One of the things we do at Community Business College is ask all of our students, “what did you learn today?”
It’s a good reinforcement tool and sometimes the answers to that question tell us a great deal about where a student is in the learning process and it caps off an end to the class with a quick learning review.
After completing a QuickBooks class module with the learning-challenged students from Modesto’s Mentor Network yesterday, we reviewed their Profit and Loss Statements. This is something new for the college and we did this class as a pilot project. As you'll see, it was a huge success!
In this QuickBooks class, the students got to choose their own stores, come up with the names and stock it with virtual products. They learned how to order stock, pay for it, sell it and make deposits.
For those not in the know, a Profit and Loss (also known as P&L) Statement is a tool for businesses to use to determine whether or not your business is profitable, how much of a profit has been made or if the business has incurred a loss.
|Our Sample P&L Statement|
Profit and Loss Statements are also commonly referred to as an income statement, statement of financial performance, revenue statement, earnings statement, or statement of operations. To paraphrase Shakespeare, “A report by any other name will still smell the same.” Whatever you decide to call it, the purpose of the report is to present the revenues recognized for a specific period, and the cost and expenses charged against these revenues, including write-offs (e.g., depreciation and amortization of various assets) and taxes.
So yesterday, they got to run their Profit and Loss Statements for the first time. Then they got to make them blue, modify the report and save the report. We did some more sales, went back and checked the Profit and Loss and saw the growth.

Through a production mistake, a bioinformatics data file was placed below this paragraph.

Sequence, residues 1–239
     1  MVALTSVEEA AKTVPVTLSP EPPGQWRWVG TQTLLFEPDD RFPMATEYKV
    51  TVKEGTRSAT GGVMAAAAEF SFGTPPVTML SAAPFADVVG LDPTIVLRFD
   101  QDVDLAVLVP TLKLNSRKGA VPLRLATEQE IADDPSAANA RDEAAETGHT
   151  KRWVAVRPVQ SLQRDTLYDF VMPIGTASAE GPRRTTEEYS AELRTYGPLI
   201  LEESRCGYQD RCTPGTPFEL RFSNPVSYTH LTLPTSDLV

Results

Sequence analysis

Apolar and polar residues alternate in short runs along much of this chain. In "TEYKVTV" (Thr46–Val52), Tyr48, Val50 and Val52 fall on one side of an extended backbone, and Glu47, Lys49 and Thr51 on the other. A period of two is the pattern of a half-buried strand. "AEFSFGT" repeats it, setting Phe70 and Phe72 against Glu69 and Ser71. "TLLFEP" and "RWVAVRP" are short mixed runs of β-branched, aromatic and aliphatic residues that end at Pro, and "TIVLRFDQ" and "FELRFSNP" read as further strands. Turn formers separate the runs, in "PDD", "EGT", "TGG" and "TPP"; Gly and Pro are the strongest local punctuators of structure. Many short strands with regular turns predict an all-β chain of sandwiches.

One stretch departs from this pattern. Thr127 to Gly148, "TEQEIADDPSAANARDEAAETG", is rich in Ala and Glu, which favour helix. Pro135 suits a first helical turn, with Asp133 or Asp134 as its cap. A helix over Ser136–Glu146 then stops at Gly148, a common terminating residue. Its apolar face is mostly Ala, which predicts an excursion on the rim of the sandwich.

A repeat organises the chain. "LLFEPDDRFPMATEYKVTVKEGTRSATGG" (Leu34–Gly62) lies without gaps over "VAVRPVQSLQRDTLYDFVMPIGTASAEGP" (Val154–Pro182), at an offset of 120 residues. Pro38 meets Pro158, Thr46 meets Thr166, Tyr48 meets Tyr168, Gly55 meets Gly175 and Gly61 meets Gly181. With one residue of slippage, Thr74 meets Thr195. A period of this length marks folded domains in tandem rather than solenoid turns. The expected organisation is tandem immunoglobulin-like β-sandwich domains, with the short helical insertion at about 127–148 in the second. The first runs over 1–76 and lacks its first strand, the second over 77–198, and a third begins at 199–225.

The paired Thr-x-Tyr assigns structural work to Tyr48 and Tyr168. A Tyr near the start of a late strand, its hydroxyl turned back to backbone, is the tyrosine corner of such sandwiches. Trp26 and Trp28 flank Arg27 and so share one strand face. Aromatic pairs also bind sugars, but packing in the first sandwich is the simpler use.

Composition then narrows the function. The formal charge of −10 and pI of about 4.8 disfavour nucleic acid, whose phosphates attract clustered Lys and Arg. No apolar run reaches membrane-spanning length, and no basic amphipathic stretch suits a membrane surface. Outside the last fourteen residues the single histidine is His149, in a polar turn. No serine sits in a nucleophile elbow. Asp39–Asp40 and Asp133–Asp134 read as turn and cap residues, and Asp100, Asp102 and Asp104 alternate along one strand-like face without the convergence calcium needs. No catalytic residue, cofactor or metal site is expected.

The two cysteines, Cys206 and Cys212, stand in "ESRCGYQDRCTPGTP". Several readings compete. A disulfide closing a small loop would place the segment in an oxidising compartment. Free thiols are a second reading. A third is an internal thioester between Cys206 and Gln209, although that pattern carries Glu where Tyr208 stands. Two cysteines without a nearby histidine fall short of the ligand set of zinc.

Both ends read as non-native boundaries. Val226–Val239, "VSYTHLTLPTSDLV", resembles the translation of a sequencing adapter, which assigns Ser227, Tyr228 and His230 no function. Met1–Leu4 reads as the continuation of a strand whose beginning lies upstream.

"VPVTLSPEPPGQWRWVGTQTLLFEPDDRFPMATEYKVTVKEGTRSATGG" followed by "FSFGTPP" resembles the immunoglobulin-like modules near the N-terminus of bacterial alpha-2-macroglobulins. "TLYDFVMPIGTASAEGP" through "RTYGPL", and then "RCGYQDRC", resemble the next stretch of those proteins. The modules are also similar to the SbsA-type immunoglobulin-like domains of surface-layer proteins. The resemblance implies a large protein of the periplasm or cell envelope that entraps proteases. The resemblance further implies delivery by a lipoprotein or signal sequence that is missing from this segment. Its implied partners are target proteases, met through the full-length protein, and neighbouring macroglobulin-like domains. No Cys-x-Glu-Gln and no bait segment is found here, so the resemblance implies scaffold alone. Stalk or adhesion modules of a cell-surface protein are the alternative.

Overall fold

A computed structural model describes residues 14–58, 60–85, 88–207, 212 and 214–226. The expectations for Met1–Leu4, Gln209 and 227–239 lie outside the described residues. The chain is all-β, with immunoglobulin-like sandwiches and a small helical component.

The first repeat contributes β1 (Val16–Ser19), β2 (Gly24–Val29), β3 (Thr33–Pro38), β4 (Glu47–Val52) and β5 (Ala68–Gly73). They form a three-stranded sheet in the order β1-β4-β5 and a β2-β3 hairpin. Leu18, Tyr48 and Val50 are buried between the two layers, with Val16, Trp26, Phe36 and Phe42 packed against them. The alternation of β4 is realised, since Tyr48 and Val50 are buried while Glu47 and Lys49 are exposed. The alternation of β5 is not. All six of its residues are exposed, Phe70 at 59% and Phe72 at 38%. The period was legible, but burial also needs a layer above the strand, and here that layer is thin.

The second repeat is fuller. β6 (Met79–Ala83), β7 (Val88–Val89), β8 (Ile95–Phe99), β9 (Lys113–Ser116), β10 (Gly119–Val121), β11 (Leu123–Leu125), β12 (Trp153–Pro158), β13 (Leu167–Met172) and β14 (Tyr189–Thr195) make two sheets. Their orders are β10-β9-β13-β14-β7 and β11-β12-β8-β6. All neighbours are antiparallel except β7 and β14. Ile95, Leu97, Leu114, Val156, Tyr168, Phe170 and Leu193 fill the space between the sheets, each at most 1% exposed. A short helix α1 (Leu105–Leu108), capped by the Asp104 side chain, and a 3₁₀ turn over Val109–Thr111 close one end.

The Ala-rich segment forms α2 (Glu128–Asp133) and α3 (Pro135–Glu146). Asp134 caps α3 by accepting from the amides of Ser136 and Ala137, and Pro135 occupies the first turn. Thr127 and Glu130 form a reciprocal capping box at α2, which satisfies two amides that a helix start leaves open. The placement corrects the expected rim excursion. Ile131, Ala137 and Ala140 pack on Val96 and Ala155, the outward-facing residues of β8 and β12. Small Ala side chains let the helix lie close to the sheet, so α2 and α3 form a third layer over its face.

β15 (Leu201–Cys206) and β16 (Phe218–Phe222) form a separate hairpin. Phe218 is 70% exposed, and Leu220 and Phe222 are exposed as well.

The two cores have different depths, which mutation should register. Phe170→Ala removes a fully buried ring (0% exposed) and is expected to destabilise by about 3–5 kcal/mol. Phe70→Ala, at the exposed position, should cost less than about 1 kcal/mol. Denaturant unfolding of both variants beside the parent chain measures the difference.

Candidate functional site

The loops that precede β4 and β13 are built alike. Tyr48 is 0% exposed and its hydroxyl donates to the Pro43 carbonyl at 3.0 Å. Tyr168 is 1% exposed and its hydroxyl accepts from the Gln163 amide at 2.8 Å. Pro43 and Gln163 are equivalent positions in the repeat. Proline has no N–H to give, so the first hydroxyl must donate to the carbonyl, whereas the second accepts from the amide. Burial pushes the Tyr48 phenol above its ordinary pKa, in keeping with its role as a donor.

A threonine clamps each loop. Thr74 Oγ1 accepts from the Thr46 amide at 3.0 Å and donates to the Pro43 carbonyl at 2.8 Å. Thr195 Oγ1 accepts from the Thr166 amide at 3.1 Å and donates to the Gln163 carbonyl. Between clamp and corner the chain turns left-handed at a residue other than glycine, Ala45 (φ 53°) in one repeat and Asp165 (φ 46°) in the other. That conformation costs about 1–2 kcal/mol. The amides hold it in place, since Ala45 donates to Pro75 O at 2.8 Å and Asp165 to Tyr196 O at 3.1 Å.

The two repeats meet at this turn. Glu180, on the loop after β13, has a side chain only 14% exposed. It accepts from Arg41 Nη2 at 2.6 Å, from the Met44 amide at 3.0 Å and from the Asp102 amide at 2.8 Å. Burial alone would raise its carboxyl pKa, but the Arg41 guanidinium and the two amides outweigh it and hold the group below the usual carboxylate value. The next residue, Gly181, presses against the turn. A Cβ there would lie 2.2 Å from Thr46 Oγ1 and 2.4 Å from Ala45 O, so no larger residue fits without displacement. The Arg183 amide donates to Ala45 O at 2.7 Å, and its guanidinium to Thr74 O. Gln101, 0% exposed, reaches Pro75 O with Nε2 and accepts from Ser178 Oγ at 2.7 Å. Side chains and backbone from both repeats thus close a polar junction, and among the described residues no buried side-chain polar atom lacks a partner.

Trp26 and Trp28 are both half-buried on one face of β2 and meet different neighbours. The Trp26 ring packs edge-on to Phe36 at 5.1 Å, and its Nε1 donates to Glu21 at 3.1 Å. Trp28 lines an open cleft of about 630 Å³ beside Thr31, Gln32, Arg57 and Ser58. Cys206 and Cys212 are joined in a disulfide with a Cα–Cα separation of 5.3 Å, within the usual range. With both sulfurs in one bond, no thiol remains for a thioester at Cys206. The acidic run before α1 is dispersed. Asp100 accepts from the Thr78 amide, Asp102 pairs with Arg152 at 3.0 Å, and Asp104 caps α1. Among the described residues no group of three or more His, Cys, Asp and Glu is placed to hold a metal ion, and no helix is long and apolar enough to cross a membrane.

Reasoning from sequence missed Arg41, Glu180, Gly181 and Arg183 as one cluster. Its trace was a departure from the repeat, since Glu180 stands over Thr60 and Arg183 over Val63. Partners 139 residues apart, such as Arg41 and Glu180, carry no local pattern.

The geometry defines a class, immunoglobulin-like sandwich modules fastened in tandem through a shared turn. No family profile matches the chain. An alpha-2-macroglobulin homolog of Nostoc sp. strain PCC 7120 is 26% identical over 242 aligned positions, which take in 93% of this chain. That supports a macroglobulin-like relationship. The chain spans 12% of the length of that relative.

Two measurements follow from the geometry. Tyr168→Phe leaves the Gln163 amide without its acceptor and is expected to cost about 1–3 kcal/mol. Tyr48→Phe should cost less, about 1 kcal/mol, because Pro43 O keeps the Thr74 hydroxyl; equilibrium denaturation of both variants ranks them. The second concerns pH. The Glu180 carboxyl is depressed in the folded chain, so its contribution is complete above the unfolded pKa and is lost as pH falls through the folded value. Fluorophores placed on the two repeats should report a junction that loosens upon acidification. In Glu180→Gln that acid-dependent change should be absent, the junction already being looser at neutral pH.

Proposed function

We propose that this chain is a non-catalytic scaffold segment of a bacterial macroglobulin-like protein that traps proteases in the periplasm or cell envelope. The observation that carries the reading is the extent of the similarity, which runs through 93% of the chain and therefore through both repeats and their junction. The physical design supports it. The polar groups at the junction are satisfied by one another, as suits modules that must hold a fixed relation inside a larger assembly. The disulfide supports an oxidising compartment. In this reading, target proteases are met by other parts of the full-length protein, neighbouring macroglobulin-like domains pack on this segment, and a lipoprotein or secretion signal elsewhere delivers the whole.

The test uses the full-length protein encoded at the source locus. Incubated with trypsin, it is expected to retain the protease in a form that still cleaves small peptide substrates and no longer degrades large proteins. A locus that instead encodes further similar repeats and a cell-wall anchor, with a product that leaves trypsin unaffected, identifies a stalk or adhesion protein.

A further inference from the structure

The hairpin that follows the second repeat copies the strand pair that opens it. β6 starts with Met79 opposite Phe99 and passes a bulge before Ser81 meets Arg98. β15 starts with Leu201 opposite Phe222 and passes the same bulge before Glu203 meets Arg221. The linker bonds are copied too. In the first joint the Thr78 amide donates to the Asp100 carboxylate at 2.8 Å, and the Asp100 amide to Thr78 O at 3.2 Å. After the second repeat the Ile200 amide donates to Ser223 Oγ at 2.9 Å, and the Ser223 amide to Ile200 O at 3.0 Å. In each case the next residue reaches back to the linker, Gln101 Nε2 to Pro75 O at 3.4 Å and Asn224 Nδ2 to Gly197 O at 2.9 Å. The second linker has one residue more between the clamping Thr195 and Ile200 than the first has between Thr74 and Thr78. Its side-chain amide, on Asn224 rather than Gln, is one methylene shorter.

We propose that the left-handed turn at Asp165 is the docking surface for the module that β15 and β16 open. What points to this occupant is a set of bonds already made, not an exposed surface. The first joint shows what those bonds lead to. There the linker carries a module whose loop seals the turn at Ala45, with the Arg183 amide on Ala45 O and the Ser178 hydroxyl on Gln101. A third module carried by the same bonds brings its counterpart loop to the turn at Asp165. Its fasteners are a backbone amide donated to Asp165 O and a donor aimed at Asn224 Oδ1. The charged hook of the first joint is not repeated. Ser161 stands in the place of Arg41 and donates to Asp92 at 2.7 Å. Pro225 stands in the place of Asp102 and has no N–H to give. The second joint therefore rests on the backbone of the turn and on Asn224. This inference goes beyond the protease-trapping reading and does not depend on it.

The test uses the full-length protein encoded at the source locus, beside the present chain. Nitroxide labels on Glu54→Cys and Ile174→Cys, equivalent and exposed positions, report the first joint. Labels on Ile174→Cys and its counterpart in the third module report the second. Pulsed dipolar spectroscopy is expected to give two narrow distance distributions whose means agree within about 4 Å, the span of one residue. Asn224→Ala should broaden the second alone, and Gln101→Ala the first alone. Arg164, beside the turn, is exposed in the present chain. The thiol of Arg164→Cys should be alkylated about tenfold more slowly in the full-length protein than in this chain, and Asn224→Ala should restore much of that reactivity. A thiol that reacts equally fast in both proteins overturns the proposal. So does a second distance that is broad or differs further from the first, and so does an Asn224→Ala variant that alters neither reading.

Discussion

The class learned about the literal “bottom line” on the report tells them how well their company is doing and the real meaning behind the term “Black Friday” (the day when traditionally, companies that are “in the red” see their profits move back “in the black.”)
Then we got to run the sales graph which is QuickBooks’ very colorful illustration of the results of the sales of a company.
That got a lot of oohs and aahs.
At the end of the class, we asked, “so, what did you learn today,” and almost unanimously came the replies about making profit. Of all the QuickBooks activities they did that day, seeing the graphic results of the work in their stores is what they remembered most.
And they had fun learning, too.
All of the students and the aides worked really hard to get to this point. QuickBooks makes things easier but it still takes patience to make work correctly. And these students did it. It warms our hearts to see them enjoy learning so much and it reminds all of us how lucky we are to have the gifts we have.
So here’s the question of the day: “What did you learn today?”
Can you help us keep this program going? We set up a GoFundMe campaign to try to offer this program to those who have special needs. Check out the details here at https://www.GoFundMe.com/101lqw